It was very stressful, because I had worked from home before and they would go to school and I had a lot of you know, I really didn't have a lot of interruptions, I could do my work as needed and fairly simple and the kids would come home from school after, you know, long, quiet day by myself. But now that they were home, I felt like I could not get any work done and I was really struggling with that because I'm like I work from home before why am I having such a hard time? And then I realized it was because I had five kids, almost every you know, 5,10 minutes going, Hey, Mom, I need help. Hey, Mom, Hey, Mom, Hey, Mom, Hey, Mom and I'm helping kids with technical issues. I'm helping them get logged on to classes and my two middle children are special needs and so their special education has had a different schedule than the regular kids’, the regular kids can pretty much follow their schedule on their own. But my two middle ones really need a lot of assistance help getting logged on and changing classes and you know, making sure that they're following along and doing something for schoolwork. So it was very stressful. I felt like I wasn't meeting my job requirements at that point because the kids needed so much help.
RK 4:41
Okay, yeah, that is quite a bit. So with that, prior prior to the pandemic starting, how was the overall health of your household?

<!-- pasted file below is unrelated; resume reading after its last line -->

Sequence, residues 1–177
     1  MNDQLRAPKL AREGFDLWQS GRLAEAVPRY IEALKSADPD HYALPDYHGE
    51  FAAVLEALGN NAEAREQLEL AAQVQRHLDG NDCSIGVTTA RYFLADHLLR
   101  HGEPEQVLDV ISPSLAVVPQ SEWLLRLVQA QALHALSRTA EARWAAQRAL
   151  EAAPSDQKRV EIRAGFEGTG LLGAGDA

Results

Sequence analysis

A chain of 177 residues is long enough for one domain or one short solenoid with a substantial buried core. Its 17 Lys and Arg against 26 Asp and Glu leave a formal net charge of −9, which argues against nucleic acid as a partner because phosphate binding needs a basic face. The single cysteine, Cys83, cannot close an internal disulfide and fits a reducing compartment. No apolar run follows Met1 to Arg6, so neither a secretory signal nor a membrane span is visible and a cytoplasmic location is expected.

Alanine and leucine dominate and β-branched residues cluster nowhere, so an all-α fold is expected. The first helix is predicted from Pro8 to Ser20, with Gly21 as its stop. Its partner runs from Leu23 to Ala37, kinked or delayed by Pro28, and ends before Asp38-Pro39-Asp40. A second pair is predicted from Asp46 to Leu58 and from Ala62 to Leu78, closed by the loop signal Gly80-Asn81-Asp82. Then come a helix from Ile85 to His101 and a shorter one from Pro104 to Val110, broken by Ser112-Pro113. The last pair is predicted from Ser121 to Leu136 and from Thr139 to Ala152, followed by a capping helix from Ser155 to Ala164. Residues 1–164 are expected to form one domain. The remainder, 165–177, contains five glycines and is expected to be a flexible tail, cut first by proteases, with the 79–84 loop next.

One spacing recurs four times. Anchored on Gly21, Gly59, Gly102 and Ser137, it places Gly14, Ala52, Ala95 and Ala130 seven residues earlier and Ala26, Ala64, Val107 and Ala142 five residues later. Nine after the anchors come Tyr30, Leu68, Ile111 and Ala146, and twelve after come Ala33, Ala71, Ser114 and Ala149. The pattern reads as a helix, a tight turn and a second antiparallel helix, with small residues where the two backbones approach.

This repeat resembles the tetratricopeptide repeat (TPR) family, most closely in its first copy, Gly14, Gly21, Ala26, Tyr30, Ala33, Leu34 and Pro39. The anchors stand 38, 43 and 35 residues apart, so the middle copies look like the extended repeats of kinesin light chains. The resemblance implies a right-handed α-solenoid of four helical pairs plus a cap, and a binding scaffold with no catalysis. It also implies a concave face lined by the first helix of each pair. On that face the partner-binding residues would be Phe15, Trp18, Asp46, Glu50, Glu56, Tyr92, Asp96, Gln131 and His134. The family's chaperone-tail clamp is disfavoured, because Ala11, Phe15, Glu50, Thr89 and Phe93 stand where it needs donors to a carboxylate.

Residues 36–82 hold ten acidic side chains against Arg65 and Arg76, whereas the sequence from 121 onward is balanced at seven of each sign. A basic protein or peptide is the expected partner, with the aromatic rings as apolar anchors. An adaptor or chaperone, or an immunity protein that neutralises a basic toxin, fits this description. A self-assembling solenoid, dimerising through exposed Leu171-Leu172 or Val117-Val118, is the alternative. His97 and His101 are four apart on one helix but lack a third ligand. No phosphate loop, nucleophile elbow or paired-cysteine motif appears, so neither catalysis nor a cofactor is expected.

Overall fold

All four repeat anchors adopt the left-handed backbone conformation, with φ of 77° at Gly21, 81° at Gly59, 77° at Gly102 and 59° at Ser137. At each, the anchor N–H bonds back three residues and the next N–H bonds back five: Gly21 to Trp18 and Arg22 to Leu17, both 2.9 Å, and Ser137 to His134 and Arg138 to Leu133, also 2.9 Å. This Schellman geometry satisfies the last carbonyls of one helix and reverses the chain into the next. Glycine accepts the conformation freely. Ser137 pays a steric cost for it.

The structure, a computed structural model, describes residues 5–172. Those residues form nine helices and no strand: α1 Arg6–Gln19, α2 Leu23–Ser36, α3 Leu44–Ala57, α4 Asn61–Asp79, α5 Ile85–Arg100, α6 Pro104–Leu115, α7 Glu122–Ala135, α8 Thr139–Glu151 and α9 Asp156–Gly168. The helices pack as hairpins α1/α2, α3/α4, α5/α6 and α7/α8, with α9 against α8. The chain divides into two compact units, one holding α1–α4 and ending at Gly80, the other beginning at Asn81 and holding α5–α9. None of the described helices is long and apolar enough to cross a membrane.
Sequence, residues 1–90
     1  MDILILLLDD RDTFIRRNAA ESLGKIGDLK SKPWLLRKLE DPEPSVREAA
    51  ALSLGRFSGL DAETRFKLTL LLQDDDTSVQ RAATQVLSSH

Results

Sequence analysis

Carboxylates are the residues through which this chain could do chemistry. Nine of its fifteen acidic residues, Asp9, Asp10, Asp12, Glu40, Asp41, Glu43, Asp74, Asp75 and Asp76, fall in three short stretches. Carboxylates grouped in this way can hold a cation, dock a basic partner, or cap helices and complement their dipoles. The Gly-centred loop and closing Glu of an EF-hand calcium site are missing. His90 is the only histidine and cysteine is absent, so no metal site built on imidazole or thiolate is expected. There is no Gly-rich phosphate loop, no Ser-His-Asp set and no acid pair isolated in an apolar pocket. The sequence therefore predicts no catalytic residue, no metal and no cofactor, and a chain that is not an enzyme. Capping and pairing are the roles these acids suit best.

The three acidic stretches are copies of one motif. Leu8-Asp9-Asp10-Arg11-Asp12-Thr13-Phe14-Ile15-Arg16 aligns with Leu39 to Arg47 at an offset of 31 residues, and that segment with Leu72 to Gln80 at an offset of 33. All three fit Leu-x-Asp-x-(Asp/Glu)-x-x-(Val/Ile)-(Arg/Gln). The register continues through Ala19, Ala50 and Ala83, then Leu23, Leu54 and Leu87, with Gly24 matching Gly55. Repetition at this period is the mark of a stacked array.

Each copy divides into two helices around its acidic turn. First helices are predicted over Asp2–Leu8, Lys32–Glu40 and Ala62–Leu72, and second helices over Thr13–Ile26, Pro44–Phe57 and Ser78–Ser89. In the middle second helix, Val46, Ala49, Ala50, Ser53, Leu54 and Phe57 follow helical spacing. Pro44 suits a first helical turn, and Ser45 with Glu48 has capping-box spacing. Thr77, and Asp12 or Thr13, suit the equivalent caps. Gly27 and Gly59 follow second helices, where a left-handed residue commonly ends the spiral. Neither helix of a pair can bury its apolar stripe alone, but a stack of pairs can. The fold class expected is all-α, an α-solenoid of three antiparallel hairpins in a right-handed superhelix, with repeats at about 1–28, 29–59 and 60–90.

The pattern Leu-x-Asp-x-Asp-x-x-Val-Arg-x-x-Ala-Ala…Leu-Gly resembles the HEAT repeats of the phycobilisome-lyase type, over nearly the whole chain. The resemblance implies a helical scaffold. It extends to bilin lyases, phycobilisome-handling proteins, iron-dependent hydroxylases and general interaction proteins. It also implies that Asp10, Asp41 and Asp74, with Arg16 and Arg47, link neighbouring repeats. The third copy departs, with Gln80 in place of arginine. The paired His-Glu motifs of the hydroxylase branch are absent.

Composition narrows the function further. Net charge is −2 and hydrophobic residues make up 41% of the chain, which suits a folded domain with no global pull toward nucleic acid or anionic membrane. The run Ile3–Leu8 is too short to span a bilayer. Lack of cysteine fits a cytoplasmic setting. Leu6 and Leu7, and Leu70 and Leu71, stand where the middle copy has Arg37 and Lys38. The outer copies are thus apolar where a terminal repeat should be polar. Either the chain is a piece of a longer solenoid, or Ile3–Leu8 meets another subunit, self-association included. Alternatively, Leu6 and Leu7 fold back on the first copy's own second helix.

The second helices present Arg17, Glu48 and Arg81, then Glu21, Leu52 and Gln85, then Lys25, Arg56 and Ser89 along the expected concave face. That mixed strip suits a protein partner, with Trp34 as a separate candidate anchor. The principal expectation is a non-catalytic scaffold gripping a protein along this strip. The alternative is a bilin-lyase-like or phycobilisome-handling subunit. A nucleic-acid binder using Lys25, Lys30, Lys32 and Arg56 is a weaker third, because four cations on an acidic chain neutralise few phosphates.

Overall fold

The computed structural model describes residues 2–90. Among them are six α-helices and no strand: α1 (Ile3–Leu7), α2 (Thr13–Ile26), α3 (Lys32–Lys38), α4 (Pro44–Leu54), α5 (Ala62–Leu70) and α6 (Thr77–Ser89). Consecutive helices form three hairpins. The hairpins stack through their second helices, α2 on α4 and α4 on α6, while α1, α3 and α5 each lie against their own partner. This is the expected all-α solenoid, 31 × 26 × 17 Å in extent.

MG 4:56
Pretty, pretty healthy. Actually. I hadn't gotten sick and even with something basic, I hadn't gotten sick with anything in years, because I had been working from home prior. The kids would come home, you know, every now and then with sniffles and my stepdaughter, she got strep throat very easily fairly often so that was kind of a thing but the rest of us are healthy. My husband never got sick either. And it was overall pretty healthy. No issues at all.
RK 5:25
Okay. So let's move into contracting COVID-19. Describe some of the activities you were doing in, let's say the week before you contracted the virus.
MG 5:38
So, since our gyms are open here in Arizona, I was going to the gym, we were still working from home. So I was not going to an office or anything like that and it was the Christmas season so there had been some shopping. I had gone to the mall earlier in a week. And then it was a small, very small 10-person friendly party that we went to.
RK 5:41
MG 5:41
or I went to.
RK 6:07
And were you aware of anyone at that party who possibly could have contracted the virus?
MG 6:15
I was I was not at the time aware of anybody who was sick or feeling ill or contracted or had any contact with someone who had.
RK 6:23
Okay. And then were there any symptoms that led you to believe that you had COVID-19 before you officially got tested?
MG 6:31
Yeah, so the party that I was at was on a Friday night. And I went to a second party on the Saturday night, which was a little bit bigger. Sunday night, I was fine. But Monday night after I was done working it hit it hit me like a brick. I all of a sudden got fevers and chills and body aches.